Wednesday, May 27, 2009

Unintended Consequences

Just last week the Department of Homeland Security invited science-fiction writers to help them forecast the future, to jiggle the portals of imagination using scientific possibilities.

How strange is that? Not very, really. Early sci-fi authors drew fantastic worlds that are now our reality. Jules Verne was scooting around in space and underwater before we sent rockets to the moon or pressurized ourselves against the ocean depths.

So if Greg Bear, who was MC at the DHS conference, imagines a City at the End of Time, who are we to pooh-pooh such far-sighted vision? When I interviewed Bear last year for a newspaper article, he said he is like radar for deep structures of science and society. When we put those two together, he said, we have a story.

Rolf Dietrich, DHS deputy director of research, told the Washington Post that the authors help department managers think more broadly about projects, especially about potential reactions and unintended consequences.

And that got me to thinking that reactions and consequences are what good stories in any genre are about. Any thoughts on this?


Donna said...

I'm sure I'm not the only one thinking of Orwell's "1984" these days . . . Good fiction certainly contains more truth and depth than mere facts, so it makes sense for government researchers to ask sci-fi authors to imagine the future. A story of any kind won't go far if the author doesn't tell us "what happens" and "how the characters react."

Tricia J. O'Brien said...

Certainly, Bear's comment on studying society (human nature and culture) as well as science to find the story is key. It is all about how the character reacts outwardly and inwardly.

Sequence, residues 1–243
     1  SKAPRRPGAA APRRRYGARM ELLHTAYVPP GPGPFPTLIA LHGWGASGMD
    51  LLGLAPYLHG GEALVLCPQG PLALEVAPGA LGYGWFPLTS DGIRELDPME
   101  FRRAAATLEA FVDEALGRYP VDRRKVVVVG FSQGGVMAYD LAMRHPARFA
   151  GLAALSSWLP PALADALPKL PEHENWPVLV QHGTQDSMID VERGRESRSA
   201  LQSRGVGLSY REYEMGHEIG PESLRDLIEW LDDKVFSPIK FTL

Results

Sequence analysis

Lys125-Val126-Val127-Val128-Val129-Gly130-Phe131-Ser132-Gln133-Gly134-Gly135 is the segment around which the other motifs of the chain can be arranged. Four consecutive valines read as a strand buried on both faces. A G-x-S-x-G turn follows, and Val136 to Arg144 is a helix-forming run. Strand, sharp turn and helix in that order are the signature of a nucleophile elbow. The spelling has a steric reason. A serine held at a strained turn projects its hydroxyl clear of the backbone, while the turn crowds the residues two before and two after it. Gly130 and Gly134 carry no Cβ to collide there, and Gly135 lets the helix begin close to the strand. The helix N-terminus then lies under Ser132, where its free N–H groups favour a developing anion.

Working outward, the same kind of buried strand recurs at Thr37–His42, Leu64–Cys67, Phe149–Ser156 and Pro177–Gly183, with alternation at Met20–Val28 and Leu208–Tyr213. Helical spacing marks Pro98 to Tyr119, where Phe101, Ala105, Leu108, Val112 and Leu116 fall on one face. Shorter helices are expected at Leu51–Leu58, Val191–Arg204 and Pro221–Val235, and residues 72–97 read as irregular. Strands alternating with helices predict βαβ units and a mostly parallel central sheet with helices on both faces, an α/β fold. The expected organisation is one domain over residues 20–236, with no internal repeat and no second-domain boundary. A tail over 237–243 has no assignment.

And those unintended consequences, those what-ifs from the author's imagination, can't just be the fantastic, they must ring true based on what we know of the world -- how it is now and was and could be in the probable future.

Laura Canon said...

Anytime the government is asking writers for help it must be good, right? (As long as they're not spending a huge amount of money to do so.) I'd be interested to see what they come up with. Although we'll probably never know.
It reminds me of the Manhattan Project starting because Einstein wrote a letter to FDR stating that nuclear fission could, in theory, be used to make a weapon.

Tricia J. O'Brien said...

Well, there are two sides to this coin. While government types will likely keep things underwraps, I'm quite sure the writers will get story ideas even from the questions they are asked. Especially with speculative fiction, it's all about the what-ifs.

Dave said...

That's the second example of real world people pulling in fiction people that I have heard recently. Very interesting!